More than half of people believe this week's Budget will leave them with less cash in their wallets, with those in their middle years predicting they will be particularly badly squeezed, research has found.
Some 55% of people are forecasting that their spending power will be curbed after Chancellor George Osborne delivers his Budget on Wednesday, and just one in 16 (6%) of consumers expect to be better off, Lloyds TSB found.
Lloyds said its findings suggest that consumer spending is likely to remain weak in the coming months, placing pressure on the wider economy.
Three-fifths (61%) of 35 to 64-year-olds expect to be left worse off by the Budget, compared with just under half (46%) of people aged between 18 and 34.
Lloyds released its findings in its Spending Power report for February, which found that annual growth in spending on essentials increased to 2.6% in February, from 2.4% in January. The study said that consumers had the equivalent of £10 less a month to spend on non-essential items.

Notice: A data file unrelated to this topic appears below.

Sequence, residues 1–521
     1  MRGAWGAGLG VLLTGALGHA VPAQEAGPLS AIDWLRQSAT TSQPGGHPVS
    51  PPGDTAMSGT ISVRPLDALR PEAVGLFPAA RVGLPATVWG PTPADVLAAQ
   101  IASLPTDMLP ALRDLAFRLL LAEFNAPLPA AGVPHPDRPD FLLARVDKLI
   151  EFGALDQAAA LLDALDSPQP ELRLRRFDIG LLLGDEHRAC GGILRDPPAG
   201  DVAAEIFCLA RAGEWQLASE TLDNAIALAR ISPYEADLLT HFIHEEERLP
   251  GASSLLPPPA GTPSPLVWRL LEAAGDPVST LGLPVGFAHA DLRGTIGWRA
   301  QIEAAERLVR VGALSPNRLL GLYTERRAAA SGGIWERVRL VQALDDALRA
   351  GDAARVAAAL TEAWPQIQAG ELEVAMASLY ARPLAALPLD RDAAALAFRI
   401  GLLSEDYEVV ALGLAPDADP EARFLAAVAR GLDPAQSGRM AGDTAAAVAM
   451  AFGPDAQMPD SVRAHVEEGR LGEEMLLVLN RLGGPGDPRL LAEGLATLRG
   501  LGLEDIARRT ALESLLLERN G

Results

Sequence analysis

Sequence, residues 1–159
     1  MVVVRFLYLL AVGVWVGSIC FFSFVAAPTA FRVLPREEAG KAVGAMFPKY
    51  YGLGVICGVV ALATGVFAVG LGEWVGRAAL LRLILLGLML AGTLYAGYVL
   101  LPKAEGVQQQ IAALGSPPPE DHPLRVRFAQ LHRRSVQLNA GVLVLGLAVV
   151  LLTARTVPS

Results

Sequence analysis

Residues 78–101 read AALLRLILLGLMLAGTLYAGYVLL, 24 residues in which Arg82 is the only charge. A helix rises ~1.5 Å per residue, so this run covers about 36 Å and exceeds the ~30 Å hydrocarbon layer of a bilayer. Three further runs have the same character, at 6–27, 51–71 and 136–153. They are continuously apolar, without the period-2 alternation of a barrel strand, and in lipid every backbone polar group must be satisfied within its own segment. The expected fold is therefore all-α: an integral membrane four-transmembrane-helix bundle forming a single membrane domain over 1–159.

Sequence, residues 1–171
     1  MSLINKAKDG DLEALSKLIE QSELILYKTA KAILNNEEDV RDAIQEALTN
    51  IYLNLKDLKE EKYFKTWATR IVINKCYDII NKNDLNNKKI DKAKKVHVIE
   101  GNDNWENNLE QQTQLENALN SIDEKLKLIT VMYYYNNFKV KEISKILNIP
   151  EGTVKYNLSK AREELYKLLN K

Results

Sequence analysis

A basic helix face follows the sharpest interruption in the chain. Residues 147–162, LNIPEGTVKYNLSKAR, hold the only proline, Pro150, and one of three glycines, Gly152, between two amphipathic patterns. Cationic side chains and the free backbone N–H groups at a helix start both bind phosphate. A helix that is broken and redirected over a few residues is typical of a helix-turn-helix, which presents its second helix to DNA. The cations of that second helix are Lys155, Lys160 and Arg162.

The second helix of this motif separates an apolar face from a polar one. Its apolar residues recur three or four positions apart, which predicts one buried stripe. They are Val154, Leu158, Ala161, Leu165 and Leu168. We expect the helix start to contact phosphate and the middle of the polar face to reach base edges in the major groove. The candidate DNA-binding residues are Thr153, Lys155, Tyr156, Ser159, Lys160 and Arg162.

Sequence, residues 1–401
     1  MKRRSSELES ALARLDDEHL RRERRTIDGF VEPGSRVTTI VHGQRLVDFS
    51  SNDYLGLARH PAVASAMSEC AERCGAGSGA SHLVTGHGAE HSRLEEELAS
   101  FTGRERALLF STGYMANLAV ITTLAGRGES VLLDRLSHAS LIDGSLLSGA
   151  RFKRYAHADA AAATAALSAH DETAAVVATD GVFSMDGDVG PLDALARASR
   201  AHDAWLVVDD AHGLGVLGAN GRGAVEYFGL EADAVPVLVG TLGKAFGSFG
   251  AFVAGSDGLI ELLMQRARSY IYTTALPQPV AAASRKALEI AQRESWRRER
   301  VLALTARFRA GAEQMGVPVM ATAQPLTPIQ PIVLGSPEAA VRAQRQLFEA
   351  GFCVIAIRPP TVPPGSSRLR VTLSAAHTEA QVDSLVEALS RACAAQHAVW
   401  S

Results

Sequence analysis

Food and drink was the biggest driver of the squeeze on budgets, as spending rose to its highest level in six months with a 3.8% year-on-year increase.
Gas and electricity spending showed a 3.6% annual increase and spending on car fuel was up by 0.8%.
However, there was some relief for households as debt payments recorded an annual decline of 1.3%, helping to ease some of the pressure on budgets.
Patrick Foley, chief economist at Lloyds TSB, said: "Consumers don't expect any relief from the Budget, and the recent fall in the exchange rate is likely to add to pressures.
"Consumer spending is therefore likely to remain weak through the first half of 2013 at least, keeping recovery in the wider economy far from assured."